Buying Commercial Real Estate

Rather than leasing, business owners may wish to buy commercial real estate as a place of operation for their companies or for investment purposes. It can be any commercial space, such as an office, store, warehouse, restaurant, or other. Prospective buyers should determine, considering their resources, the type of business, and probability of future profits, whether it is better to buy or lease a space for the commercial activities. The main advantage of buying real estate is obvious - it becomes an asset of the company or of the individual investor. Real estate owners are free to exploit their properties, observing national and local laws and regulations, but being totally independent of any private third party demands (e.g. restrictions imposed by a landlord). Choosing and buying commercial real estate substantially differs from buying a residential property. There is much to be considered in identifying a suitable property and before making a purchase offer.

 

Interests Transfer: When buying commercial real estate, the buyer may want to purchase not only a particular space, but also to have other interests transferred from the seller. For example, if there are tenants on the property, a prospective buyer may want to have leases assigned to him or her, entitling the buyer to continue rent collection from the existing tenants rather than looking for new occupants. Another example is the transfer of certain licenses that allow the buyer to continue using the property in its present capacity.

 

Number of Participants: There may be more parties involved than the buyer and a seller. If the property is leased, the rights of the tenants should be considered, particularly whether it is possible to revoke or make changes to their leases. If the seller has liens against the property, what are the rights and interests of the lienholders? Is it possible to satisfy them before closing? If a seller has mortgage on the property, there may be several mortgagors; in this case, it is necessary to obtain an agreement from each of them prior to closing. The negotiations with all parties who may have some interest in the real property may be extensive, but it is vitally important to find out their positions before proceeding with the transaction.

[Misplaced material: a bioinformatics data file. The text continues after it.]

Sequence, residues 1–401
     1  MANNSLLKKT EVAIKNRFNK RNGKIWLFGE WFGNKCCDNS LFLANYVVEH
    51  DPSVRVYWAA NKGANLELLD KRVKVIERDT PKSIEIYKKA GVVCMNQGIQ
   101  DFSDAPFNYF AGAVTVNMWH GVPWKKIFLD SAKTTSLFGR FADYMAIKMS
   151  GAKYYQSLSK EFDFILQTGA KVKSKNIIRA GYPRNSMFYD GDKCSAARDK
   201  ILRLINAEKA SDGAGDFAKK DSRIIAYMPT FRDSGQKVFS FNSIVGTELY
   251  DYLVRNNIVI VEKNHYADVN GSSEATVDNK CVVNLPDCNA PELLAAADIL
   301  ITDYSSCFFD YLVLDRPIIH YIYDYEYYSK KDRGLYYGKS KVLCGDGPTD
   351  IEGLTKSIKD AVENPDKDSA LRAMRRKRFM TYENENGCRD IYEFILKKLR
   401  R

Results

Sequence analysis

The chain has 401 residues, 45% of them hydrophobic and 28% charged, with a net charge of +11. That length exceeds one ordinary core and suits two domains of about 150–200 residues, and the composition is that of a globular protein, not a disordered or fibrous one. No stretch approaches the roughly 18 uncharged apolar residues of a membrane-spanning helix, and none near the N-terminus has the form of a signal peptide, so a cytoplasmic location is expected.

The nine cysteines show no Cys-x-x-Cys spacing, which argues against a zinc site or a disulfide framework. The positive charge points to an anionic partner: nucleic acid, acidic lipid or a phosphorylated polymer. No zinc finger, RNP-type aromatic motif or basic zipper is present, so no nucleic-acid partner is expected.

Property Ownership: The property may be owned by an individual, private company, non-for-profit corporation, or any other legal entity. The identity and type of the property owner can affect the transaction in terms of taxation and liability. If a property owner is not a U.S. taxpayer, this will also affect the transaction. 

 

Property Value: The value of the commercial property is not only in its purchase price, but also in the amount of prospective income it might generate over time. Accordingly, it is very important to make sure that the property can be used for conducting regular business activities. Buyers should consider insurance policies not only against risk of loss due to natural disasters or other casualties, but also against the loss of income due to business interruption or against liability that may arise from property use by the licensees or invitees.

 

Compliance with Securities Laws:If the interests in real estate at issue may be offered to general public for the investment opportunities, such transactions fall under the Securities and Exchange Commission (SEC) regulation and require certain public disclosures.

 

Federal, State, and Local Health, Safety, and Environmental Regulations:Commercial properties are subject to various regulations intended to protect safety and health of general public and environment.

 

Americans with Disabilities Act (ADA) Compliance: The buyer must inquire about past renovations and determine whether the building is subject to the Act and meets all ADA standards. 

 

Due Diligence: Prior to signing a contract of sale, the buyer must perform certain due diligence to verify whether the property is suitable for use and in compliance with the seller’s representations or lack of such. The seller has an obligation to disclose some conditions, albeit not all. It is the buyer’s responsibility to conduct all necessary investigations before purchasing any property, particularly the following:

 

1.      The first main item is the title to the property. The buyer’s attorney should perform title search to ensure that the seller is the true and legal owner of the property and that his or her ownership, interests, and the right to transfer the property is not restricted by the interests of any third parties.